IRS Tax Relief and Offer in Compromise

IRS Offer in Compromise

IRS Tax Relief Provides Offer in Compromise Solution

A prime IRS tax relief solution is the IRS Offer in Compromise program. The IRS Offer in Compromise program should be explored by taxpayers who are unable to pay the full tax liability. This program is frequently advertised on TV and radio as the “Fresh Start Initiative.” As explained in detail in this website, an Offer in Compromise is an agreement between a taxpayer and the IRS that resolves a taxpayer’s tax liability by payment of an agreed upon reduced amount. The total payment amount is NOT a percentage of the total tax liability; instead, it is calculated by an IRS formula based on a taxpayer’s current equity in assets plus future net income. Thus, the total payment amount varies with each taxpayer since each taxpayer’s financial wherewithal is unique. Before an offer can be considered, a taxpayer must have filed all tax returns, made all required estimated tax payments for the current year, and made all required federal tax deposits for the current quarter if the taxpayer is a business owner with employees. Taxpayers in an open bankruptcy proceeding are not eligible. 

An Offer in Compromise is an offer made by the taxpayer to the IRS to enter into a contract “in which the IRS agrees to accept an amount different from what the taxpayer owes in taxes.” Begner v. United States, 428 F.3d 998, 999 (11th Cir. 2005); see also 26 C.F.R. § 601.203. Taxpayers seeking to make an OIC must submit a Form 656 to the IRS pursuant to 26 C.F.R. § 601.203(b). Any compromise of a tax liability by the IRS must be made “prior to reference [of the matter] to the Department of Justice ([‘DOJ’)] for prosecution or defense.”  26 U.S.C. § 7122(a). There are three grounds for such a compromise: (1) doubt as to collectibility; (2) promotion of effective tax administration; and (3) doubt as to liability. 26 C.F.R. § 301.7122-1(b). Offers that are considered on the ground of promoting effective tax administration are also referred to as ETA Offers. IRM § (08-05-2015).

Doubt as to Collectibility Is the Most Common Form of Offer in Compromise

“Doubt as to Collectibility” is the most common form of Offer in Compromise for IRS tax relief. An Offer in Compromise based on Doubt as to Collectibility is only available to a taxpayer when the taxpayer cannot repay the past due taxes IN FULL before the expiration of the collection statute expiration date. 26 C.F.R. § 301.7122-1(b)(2). The IRS analyzes the taxpayer’s ability to pay from the combination of asset sales and future income.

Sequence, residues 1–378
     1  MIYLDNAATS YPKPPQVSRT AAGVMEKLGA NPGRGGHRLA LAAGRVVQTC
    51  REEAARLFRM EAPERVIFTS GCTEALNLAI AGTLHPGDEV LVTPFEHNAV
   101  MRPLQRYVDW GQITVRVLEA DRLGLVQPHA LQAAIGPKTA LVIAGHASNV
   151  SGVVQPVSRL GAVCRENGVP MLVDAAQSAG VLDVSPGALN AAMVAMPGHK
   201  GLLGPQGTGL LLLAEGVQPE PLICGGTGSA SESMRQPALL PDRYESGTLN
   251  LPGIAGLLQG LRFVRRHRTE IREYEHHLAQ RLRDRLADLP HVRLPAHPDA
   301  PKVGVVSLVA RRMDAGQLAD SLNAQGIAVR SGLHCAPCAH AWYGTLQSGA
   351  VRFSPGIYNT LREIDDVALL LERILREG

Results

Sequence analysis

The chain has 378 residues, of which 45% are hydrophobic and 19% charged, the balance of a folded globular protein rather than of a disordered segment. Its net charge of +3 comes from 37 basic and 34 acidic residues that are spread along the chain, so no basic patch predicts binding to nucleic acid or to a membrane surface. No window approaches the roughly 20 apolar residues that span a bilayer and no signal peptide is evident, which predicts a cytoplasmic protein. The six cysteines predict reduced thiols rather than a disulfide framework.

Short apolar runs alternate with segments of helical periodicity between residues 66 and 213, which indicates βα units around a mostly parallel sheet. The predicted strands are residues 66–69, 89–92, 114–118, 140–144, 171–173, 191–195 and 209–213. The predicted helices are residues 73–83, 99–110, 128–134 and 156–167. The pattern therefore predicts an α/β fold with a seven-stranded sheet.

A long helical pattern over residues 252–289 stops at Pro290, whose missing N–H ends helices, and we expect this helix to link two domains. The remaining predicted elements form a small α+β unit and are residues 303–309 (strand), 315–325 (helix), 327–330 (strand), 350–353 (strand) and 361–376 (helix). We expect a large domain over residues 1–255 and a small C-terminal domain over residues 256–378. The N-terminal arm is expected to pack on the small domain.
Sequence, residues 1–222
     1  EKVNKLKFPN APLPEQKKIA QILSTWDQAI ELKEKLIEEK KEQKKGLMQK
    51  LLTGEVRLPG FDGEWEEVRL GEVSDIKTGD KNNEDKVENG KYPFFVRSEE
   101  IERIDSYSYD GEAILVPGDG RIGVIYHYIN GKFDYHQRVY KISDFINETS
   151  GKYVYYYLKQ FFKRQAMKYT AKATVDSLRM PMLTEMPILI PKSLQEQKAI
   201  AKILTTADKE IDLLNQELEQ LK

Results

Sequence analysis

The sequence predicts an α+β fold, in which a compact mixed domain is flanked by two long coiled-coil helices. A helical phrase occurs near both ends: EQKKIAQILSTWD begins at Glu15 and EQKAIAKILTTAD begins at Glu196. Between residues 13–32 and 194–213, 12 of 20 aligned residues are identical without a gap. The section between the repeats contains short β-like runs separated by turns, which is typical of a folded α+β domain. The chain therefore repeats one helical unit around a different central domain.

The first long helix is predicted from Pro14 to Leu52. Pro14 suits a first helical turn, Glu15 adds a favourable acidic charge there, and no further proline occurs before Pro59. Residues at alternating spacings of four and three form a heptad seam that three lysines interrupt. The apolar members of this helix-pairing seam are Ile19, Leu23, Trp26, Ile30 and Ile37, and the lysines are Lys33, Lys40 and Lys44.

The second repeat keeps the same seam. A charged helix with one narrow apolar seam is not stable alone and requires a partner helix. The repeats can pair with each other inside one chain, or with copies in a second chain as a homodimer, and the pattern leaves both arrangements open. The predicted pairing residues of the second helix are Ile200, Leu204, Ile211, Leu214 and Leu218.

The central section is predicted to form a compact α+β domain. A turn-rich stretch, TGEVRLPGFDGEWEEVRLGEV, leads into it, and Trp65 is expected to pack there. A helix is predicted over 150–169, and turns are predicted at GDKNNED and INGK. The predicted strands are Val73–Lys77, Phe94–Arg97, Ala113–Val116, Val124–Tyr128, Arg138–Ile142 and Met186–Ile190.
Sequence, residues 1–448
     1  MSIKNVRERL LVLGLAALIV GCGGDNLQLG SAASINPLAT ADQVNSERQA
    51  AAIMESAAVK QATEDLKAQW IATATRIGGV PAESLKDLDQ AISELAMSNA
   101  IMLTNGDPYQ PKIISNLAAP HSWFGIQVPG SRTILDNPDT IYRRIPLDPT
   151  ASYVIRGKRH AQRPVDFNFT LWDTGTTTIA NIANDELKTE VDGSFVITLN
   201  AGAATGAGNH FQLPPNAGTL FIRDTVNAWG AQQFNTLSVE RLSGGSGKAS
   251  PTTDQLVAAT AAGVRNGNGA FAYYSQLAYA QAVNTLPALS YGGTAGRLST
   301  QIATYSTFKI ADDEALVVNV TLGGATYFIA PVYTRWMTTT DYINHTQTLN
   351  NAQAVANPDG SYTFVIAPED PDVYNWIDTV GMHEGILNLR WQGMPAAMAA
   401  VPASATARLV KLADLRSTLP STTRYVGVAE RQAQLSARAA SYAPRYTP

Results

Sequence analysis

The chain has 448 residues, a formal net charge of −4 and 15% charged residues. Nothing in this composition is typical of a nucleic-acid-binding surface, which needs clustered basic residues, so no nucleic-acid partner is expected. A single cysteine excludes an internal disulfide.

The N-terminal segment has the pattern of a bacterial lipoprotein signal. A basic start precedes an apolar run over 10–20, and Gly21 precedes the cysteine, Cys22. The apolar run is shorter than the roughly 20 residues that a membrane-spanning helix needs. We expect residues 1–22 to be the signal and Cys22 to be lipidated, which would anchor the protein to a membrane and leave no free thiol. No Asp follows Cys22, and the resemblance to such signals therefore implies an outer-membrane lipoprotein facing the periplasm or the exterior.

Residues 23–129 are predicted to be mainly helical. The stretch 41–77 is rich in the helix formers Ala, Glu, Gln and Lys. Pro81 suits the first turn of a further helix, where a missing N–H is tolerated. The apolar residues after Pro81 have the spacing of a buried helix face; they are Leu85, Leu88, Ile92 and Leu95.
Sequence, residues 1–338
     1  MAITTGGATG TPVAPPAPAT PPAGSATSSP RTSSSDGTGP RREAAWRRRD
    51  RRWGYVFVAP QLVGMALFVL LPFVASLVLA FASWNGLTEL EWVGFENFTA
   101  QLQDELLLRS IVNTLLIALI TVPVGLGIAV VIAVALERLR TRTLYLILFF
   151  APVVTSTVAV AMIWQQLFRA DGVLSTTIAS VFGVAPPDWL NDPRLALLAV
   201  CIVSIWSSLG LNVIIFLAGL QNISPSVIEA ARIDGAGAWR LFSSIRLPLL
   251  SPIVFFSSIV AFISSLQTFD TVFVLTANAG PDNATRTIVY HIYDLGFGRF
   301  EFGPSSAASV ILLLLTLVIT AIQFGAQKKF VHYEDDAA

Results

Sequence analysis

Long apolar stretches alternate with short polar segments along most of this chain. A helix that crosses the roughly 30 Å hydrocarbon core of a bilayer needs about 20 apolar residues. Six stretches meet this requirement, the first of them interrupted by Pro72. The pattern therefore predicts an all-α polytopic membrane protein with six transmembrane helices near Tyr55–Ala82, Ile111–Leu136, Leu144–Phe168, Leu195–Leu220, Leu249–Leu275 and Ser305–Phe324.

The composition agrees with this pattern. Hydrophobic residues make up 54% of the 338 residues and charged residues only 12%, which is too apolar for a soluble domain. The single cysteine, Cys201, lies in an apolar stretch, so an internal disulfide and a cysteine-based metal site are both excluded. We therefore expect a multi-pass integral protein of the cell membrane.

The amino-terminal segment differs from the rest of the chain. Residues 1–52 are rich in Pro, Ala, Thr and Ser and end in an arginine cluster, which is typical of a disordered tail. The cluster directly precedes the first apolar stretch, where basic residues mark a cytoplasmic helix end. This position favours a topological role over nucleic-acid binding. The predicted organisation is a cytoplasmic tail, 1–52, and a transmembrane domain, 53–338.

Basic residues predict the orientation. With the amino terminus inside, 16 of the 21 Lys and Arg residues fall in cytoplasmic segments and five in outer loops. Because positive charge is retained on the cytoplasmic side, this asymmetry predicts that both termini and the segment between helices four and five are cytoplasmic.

Doubt as to Liability

An Offer in Compromise based on “Doubt as to Liability” only exists where there is a genuine dispute as to the existence or amount of the correct tax liability under the law. 26 C.F.R. § 301.7122-1(b)(1). Doubt as to liability does not exist where the liability has been established by a final court decision or judgment concerning the existence or amount of the liability.  

Effective Tax Administration is a form of Offer in Compromise

The IRS may accept an “Effective Tax Administration” (“ETA”) Offer if “the Secretary determines that, although collection in full could be achieved, collection of the full liability would cause the taxpayer economic hardship within the meaning of [26 C.F.R.] § 301.6343-1.” 26 C.F.R. § 301.7122-1(b)(3)(i). There are a number of non-exclusive factors that support a finding that collection would cause economic hardship for purposes of an ETA Offer: (a) the taxpayer is incapable of earning a living because of a long term illness, medical condition, or disability, and it is reasonably foreseeable that the taxpayer’s financial resources will be exhausted providing for care and support during the course of the condition; (b) although the taxpayer has certain monthly income, that income is exhausted each month in providing for the care of dependents with no other means of support; and (c) although the taxpayer has certain assets, the taxpayer is unable to borrow against the equity in those assets and liquidation of those assets to pay outstanding tax liabilities would render the taxpayer unable to meet basic living expenses. 26 C.F.R. § 301.7122-1(c)(3)(i).

Complicated? You bet.

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